Early weather forecasts suggested it could be 40C on race day. One imagines Mercedes were not pleased with such news.
Mr. Jessop, on politicalbetting.com, suggested that this could lead to top teams dialling down pace in an effort to allow brakes and engines to survive the race. Teams that don’t do this could be faster in qualifying, but that’s no use if the cars subsequently fail in the race.
Here’s what Paul Hembery of Pirelli had to say about the tyres (http://www.formula1.com/news/headlines/2013/7/14817.html):
“With levels of lateral energy relatively low, tyre performance rather than durability will be the limiting factor and this will form the basis of the strategy selected – with the teams aiming to keep the tyres within the peak window of operating performance for as long as possible. The design of our latest tyres should help them to do this.”
Speaking of Pirelli, they’ve announced their tyres for Spa, Monza and Singapore (I reckon Mercedes could do pretty well at the last circuit): http://www.espn.co.uk/f1/motorsport/story/117765.html
Anyway, to practice.
P1 had a Red Bull one-two at the top, with Vettel fastest. Raikkonen was third and Alonso fourth (that top 4 would make for an intriguing race). Grosjean, Button, Sutil, Rosberg, Perez and Maldonado rounded out the top 10.
In P2 Vettel and Webber again topped the timesheets, followed by Grosjean, Alonso, Massa, Hamilton, Rosberg, Raikkonen, Button and Sutil. I didn’t listen to much commentary for either session but I did hear that Ferrari were apparently suffering poor durability on the soft tyre.
During P3 commentary an interesting variance in strategy was reported. Ferrari are willing to compromise race pace for grid position because they’ve been starting too far back, whereas Red Bull are focusing entirely on the race. Williams were apparently quite upbeat, so hopefully they’ll have a more competitive weekend than his recently been the case. McLaren seem a little better too. Hamilton seemed happy, Rosberg less so, and both Webber and Raikkonen seemed worried about the rear of their cars (although Webber’s engineers seemed more confident). From Friday to Saturday Hamilton gained a huge chunk of speed, so perhaps they’ll do better than expected. However, the circuit’s rarely used so I expect much of that is due to the circuit improving as rubber gets laid down (Perez also gained much speed).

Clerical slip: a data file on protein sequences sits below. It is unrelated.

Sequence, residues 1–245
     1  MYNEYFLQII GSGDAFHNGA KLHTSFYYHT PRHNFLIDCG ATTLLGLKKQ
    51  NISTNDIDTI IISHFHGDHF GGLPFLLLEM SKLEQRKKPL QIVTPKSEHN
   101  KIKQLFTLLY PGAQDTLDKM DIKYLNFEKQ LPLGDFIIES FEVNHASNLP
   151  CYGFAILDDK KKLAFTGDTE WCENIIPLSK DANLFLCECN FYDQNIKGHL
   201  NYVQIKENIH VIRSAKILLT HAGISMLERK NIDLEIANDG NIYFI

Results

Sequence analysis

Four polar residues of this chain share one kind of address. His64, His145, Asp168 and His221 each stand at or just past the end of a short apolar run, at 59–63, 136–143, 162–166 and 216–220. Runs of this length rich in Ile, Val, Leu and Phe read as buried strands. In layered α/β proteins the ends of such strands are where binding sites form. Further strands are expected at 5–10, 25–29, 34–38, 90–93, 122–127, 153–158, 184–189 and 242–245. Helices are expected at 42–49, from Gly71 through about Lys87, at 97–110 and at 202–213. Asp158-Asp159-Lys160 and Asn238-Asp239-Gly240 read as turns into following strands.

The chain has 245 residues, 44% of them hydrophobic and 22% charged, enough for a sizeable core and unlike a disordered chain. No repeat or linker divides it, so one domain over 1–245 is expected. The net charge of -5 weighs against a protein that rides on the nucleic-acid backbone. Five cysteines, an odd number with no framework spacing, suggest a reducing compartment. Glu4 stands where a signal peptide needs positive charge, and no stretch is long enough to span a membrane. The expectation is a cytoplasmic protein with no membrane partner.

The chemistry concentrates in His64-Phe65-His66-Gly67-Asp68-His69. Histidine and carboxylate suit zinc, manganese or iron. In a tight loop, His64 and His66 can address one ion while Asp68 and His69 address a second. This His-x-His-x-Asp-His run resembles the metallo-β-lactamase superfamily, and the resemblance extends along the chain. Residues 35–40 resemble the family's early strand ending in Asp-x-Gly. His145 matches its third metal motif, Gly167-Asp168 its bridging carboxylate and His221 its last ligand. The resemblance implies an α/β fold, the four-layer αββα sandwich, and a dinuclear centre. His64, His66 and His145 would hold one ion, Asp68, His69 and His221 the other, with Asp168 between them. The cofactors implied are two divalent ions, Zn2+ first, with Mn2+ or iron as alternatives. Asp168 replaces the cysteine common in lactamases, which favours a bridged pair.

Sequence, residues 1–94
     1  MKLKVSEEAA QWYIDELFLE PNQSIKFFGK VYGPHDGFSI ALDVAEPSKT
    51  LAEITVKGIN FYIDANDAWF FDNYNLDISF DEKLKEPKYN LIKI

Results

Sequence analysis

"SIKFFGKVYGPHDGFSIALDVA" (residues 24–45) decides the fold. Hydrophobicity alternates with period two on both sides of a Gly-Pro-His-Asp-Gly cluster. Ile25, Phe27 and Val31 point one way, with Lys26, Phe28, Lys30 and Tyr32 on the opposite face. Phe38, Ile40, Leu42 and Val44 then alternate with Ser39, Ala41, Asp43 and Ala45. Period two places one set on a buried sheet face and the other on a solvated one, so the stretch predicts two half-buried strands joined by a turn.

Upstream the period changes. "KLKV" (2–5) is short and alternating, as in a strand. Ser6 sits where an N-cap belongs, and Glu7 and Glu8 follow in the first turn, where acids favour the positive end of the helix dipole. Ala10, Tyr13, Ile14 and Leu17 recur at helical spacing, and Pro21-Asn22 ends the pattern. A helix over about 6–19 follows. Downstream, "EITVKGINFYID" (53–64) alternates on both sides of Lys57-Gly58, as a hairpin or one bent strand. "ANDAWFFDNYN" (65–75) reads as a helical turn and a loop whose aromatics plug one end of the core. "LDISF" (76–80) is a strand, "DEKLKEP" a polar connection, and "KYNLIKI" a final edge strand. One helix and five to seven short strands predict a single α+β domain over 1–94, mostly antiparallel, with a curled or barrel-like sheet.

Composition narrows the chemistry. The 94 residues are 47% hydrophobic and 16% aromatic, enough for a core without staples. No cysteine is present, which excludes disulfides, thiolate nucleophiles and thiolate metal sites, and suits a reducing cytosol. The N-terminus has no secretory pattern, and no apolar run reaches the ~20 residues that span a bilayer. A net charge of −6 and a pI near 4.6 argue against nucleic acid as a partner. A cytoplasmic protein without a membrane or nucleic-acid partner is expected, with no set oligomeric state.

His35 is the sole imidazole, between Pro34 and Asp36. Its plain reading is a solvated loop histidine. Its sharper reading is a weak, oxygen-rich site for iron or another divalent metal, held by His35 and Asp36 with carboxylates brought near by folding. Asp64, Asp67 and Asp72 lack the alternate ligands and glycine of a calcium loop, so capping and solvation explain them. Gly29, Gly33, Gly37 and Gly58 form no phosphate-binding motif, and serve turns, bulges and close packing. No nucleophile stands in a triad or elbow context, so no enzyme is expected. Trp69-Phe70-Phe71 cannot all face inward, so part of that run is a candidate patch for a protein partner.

The qualifying simulation at the end of P3 was curtailed by a minute and a half when Perez introduced his car to the barriers at some speed. Grosjean was fastest, followed by Alonso, Perez, Vettel, Massa, Hamilton, Webber, Rosberg, Button and Sutil.
For the race, the pit lane speed limit has declined from 100kmh to 80kmh. Naturally, this will mean pit stops take a little longer, and give a small advantage to teams that need fewer stops.
Some do wonder how well the medium tyre will hold up, not regarding track degradation but thermal degradation. If they don’t last long there could be a huge number of pit stops. I suspect they’ll be more or less alright.
Anyway, qualifying should be interesting. As well as the Red Bull/Mercedes fight, we may see Ferrari being more competitive than usual and Lotus seem very good as well. Grosjean’s been good this weekend (the commentators were waxing lyrical about him) and although Raikkonen hasn’t really put a qualifying style lap together yet he is undoubtedly very fast. The Red Bulls were frankly slow in P3, but that was entirely sandbagging, in my view, making it hard to read how the qualifying will go.
I was hoping that Grosjean to be top 3 would have reasonable odds, but 2.5 is too short. So, the best value was for him to get pole at 10, hedged at 4. Whilst I do believe the Red Bulls were sandbagging in P3, Grosjean was a tenth and a half off in P2 and extended his lead (from P2 to P3) over Alonso from nine thousandths of a second to a tenth and a half.
Qualifying should be rather interesting. Let’s hope it’s rather profitable too.